The following are the three types of data:
1. Time series data.
2. Spatial data
3. Spacio-temporal data.

Time series data Analysis:
It is a collection of a set of numerical values, collected over a period of time. The data might have been collected either at regular intervals of time or irregular intervals of time.
Spatial Data:
If the data collected is connected with that of a place, then it is termed as spatial data. For example, the data may be
1. Number of runs scored by a batsman in different test matches in a test series at different places.
2. District wise rainfall in a state.
3. Prices of silver in four metropolitan cities.
Spacio Temporal Data:
If the data collected is connected to the time as well as place then it is known as spacio temporal data.

Categories of data:
Any statistical data can be classified under two categories depending upon the sources utilized. These categories are,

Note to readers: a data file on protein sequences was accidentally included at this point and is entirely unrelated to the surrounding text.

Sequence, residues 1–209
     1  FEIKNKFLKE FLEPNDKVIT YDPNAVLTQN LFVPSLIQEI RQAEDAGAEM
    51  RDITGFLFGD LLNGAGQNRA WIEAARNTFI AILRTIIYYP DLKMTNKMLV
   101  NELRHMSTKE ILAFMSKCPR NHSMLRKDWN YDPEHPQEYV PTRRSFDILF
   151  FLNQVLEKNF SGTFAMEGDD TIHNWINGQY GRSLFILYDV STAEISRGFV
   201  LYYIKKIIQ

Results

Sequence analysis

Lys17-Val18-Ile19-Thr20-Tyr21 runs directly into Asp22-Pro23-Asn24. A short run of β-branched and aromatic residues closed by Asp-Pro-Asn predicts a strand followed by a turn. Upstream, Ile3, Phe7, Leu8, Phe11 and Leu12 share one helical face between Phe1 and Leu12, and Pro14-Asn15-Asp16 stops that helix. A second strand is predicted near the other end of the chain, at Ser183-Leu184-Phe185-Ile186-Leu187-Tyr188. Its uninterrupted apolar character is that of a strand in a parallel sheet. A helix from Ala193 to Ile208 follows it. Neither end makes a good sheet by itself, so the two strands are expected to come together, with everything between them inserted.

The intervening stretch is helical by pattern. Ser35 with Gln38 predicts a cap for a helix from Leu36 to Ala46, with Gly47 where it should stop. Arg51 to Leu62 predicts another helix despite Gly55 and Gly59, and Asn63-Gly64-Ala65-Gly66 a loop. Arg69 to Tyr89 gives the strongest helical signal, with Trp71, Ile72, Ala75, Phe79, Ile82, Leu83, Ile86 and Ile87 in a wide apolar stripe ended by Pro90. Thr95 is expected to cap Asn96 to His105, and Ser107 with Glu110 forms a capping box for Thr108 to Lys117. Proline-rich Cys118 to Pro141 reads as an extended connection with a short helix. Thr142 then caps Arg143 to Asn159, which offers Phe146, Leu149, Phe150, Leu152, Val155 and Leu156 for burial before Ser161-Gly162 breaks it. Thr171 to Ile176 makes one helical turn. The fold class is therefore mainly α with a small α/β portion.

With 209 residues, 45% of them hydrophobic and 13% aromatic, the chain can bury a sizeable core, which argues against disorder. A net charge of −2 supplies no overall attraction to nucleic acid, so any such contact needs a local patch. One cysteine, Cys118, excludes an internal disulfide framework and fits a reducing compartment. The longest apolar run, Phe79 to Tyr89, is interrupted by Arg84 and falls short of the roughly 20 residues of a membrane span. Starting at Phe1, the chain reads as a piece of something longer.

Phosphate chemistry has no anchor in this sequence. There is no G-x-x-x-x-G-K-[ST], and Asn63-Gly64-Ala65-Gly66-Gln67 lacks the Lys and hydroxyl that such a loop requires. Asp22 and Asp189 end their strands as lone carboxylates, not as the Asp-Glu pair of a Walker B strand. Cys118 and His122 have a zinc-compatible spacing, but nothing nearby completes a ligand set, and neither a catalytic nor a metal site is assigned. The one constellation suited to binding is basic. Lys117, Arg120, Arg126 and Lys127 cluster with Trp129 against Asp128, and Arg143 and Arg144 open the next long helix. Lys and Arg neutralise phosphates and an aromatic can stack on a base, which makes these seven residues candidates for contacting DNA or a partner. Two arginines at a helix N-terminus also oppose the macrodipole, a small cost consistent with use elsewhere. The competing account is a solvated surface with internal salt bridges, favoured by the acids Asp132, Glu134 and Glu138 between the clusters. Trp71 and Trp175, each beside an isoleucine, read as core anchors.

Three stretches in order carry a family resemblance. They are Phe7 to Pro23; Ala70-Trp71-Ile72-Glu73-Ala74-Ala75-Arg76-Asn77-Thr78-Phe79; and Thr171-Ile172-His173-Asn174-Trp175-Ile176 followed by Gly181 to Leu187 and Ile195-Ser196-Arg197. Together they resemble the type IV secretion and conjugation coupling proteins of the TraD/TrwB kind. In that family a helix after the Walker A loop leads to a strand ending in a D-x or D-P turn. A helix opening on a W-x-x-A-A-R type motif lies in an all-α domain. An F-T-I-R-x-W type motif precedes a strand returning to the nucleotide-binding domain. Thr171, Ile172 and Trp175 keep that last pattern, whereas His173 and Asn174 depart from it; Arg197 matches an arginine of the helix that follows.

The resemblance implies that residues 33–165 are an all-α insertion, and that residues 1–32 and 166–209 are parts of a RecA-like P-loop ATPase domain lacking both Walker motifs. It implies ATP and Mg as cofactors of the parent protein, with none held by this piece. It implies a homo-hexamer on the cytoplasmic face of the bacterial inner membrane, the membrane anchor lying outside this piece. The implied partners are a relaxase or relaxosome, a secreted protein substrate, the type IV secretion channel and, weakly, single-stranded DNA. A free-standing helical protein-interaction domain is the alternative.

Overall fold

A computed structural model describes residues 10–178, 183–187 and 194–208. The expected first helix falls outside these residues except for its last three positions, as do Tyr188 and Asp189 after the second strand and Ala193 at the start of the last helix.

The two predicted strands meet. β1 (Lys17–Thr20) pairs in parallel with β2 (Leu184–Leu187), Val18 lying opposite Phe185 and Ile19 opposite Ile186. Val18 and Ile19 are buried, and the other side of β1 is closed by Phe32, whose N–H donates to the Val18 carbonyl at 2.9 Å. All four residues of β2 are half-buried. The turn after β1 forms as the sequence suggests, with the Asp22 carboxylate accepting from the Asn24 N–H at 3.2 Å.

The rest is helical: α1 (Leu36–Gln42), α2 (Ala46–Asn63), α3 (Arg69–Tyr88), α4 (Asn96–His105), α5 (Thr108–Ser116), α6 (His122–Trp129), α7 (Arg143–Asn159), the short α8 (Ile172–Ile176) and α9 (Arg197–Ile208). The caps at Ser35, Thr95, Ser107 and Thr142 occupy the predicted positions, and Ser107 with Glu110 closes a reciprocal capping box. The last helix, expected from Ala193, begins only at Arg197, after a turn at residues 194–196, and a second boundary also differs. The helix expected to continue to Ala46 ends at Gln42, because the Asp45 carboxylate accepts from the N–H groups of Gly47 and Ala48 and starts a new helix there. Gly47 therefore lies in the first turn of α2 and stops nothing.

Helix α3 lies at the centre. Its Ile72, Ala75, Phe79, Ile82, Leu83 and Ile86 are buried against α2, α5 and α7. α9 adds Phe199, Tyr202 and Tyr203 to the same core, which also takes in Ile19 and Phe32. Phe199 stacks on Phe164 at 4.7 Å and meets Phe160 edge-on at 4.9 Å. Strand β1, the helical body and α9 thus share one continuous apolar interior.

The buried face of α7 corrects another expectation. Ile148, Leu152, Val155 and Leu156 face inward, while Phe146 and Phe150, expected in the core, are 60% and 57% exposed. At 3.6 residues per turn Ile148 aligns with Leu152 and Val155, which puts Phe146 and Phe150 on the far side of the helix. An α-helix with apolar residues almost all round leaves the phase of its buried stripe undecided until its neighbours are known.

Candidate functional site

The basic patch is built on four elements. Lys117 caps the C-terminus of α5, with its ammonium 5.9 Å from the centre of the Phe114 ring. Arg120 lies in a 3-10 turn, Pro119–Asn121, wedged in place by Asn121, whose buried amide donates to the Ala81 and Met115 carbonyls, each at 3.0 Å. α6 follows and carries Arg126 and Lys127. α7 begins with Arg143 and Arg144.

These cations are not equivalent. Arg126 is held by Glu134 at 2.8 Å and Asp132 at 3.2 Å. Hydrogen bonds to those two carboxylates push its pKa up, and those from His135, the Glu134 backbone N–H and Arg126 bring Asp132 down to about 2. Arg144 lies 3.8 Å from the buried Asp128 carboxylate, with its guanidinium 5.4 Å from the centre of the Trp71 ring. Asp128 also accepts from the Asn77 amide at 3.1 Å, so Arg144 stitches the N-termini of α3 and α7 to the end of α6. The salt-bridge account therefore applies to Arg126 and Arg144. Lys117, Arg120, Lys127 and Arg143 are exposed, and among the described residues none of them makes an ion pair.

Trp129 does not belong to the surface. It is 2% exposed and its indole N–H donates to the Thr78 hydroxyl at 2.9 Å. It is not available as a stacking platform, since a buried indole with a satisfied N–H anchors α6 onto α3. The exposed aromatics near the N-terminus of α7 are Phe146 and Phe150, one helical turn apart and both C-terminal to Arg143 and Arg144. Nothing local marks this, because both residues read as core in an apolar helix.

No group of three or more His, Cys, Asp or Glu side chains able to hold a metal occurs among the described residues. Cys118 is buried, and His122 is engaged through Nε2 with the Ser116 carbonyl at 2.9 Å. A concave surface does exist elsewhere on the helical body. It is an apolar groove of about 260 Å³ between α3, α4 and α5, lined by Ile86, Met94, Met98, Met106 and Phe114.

1. Primary data
2. Secondary data

Primary data:
Primary data is the one, which is collected by the investigator himself for the purpose of a specific inquiry or study. Such data is original in character and is generated by survey conducted by individuals or research institution or any organisation.
For example, if a researcher is interested to know the impact of noon meal scheme for the school children, he has to undertake a survey and collect data on the opinion of parents and children by asking relevant questions. Such a data collected for the purpose is called primary data.

The primary data can be collected by the following five methods.